The four-mile stretch of land along the Rappahannock River is virtually untouched by human hand making it a desirable habitat for bald eagles, King Fisher birds, and a variety of aquaculture.
“The state highway system left this place alone… This is the nursery of the river,” said Friends of the Rappahannock’s Tidal River Steward, Richard Moncure.
One of the foundation’s primary concerns is the bald eagle population. 40 years ago, the American bald eagle was on the brink of extinction. Today, the population is thriving. However, Senior Educator for the Bay Bill Portlock said the population’s biggest remaining threat is habitat destruction; something that could become an issue during construction of a new development and thereafter.
Currently, Portlock reports that there are nine eagle’s nests on at the cliffs and says he counted as many as 111 individual eagles on site this past summer.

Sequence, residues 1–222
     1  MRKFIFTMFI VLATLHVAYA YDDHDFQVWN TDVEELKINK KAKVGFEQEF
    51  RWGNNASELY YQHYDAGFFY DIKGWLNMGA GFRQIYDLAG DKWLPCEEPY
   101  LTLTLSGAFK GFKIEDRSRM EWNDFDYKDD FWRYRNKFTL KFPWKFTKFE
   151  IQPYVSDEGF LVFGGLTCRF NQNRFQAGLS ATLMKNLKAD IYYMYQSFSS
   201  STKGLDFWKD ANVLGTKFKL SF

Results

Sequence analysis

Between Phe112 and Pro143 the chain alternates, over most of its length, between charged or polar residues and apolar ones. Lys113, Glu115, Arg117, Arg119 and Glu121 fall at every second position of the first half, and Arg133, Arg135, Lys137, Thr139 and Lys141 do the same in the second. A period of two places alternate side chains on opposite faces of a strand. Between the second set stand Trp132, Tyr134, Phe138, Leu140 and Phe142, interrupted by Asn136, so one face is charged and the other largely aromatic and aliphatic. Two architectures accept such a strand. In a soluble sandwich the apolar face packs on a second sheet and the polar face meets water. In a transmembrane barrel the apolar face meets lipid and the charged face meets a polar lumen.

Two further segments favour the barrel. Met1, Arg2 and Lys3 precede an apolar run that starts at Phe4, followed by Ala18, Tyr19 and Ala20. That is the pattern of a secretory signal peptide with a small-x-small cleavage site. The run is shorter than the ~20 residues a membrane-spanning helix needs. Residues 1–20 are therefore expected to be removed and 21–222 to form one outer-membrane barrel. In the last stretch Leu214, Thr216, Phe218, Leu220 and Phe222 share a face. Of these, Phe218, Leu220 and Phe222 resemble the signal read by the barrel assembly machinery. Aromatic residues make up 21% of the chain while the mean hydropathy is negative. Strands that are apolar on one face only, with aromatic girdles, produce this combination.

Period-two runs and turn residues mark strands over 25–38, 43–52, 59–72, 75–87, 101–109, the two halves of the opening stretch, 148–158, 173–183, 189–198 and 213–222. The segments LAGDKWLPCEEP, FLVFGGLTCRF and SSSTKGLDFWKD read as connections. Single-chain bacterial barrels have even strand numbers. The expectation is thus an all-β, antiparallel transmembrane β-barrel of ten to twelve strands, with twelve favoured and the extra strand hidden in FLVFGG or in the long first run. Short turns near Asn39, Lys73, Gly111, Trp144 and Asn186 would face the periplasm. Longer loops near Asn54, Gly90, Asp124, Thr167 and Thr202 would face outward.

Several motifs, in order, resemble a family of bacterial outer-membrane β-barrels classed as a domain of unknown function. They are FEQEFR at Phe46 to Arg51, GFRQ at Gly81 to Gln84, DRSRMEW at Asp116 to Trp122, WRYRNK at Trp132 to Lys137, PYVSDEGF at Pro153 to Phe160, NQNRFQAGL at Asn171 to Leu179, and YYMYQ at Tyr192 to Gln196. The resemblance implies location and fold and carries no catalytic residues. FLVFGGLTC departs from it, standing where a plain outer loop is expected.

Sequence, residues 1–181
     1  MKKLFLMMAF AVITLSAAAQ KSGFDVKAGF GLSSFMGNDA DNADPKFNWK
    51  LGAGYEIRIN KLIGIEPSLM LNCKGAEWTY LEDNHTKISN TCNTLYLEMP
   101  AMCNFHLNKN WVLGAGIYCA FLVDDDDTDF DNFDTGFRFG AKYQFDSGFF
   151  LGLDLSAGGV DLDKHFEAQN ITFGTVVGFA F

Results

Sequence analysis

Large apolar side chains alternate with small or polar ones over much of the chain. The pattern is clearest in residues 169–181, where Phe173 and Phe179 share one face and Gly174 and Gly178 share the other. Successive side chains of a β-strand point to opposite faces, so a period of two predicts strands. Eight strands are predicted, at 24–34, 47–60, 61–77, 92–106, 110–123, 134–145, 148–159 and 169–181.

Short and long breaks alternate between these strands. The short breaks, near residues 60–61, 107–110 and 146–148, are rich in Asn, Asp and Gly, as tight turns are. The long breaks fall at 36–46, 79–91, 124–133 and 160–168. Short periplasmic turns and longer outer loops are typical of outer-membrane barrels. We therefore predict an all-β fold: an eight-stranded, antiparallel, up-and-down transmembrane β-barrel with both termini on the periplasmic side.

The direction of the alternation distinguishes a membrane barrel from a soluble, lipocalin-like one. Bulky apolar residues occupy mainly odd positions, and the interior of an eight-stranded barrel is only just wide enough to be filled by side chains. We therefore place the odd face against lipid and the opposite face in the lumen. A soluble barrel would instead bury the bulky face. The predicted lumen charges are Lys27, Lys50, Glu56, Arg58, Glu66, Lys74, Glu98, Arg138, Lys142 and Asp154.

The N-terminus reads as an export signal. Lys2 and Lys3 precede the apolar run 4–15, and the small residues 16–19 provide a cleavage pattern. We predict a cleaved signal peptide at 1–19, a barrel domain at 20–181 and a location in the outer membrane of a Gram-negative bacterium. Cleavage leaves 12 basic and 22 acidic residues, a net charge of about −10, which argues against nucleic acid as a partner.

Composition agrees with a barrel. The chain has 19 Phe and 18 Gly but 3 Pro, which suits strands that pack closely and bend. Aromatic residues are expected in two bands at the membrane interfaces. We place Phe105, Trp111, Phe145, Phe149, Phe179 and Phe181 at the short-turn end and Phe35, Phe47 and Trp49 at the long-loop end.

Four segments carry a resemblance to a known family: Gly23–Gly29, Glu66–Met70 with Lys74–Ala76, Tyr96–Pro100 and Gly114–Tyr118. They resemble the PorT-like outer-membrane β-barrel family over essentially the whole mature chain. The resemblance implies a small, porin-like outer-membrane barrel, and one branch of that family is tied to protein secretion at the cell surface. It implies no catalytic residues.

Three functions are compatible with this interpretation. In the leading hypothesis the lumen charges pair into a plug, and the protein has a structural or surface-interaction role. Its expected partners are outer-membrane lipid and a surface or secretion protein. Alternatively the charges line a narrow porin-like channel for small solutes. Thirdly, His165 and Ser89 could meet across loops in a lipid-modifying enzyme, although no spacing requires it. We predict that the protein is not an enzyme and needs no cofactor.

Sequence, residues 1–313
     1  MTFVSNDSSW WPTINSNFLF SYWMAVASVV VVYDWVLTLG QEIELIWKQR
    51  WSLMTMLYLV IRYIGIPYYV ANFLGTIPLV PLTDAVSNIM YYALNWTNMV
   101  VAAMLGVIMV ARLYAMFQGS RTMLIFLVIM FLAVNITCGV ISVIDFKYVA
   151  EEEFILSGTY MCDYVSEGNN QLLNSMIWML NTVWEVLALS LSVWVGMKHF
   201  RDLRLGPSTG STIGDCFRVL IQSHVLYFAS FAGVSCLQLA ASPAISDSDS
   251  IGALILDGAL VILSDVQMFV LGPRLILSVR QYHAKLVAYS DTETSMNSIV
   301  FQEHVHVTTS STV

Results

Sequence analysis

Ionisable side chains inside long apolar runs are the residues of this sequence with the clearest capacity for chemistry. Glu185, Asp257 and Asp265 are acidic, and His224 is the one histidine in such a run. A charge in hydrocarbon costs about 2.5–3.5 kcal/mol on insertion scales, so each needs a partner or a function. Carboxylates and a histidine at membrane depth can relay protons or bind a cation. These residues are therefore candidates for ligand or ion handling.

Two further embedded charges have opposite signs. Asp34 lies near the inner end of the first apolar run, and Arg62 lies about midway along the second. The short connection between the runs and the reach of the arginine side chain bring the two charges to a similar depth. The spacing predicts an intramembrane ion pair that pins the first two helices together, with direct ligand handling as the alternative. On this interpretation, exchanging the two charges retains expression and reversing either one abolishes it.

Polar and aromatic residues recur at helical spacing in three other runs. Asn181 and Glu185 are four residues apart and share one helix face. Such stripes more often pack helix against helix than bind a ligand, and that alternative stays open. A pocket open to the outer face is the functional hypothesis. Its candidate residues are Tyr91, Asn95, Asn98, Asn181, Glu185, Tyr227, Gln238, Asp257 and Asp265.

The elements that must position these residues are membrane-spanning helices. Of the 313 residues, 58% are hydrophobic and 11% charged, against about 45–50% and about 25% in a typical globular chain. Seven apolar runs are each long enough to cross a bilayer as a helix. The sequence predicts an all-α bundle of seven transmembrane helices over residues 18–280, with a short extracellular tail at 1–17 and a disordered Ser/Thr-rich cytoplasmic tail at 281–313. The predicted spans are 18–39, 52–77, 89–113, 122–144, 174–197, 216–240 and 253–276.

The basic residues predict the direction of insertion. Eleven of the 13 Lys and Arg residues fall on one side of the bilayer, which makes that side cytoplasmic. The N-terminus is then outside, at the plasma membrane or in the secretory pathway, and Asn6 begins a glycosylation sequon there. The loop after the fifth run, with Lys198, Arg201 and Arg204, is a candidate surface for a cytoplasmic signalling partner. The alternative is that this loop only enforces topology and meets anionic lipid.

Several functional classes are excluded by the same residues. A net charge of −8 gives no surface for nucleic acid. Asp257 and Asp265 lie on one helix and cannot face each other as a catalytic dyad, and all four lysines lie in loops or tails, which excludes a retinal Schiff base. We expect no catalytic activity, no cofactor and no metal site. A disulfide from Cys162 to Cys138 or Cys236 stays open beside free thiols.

“This area has the remoteness and tall super-canopy trees that provide high perches for the eagles to see their food sources both in the river and in the fields,” Portman said.
Hampton Roads Senior Scientist Chris Moore noted that in addition to the eagles, other bird population that feed on insects would be threatened by tree removal.
Groundwater runoff and erosion are among the foundation’s other concerns. The cliffs are made up of very loose sediment said Portlock adding that although he has only observed erosion periodically, as many as 15 to 20 feet of soil may slide after big rain events.
The Chesapeake Bay Preservation Act requires all new structures to include a 100-foot buffer area from the waterline. However, Moore notes that the cliffs rise on a steep incline, making the 100-foot measurement an inadequate buffer for this particular location…
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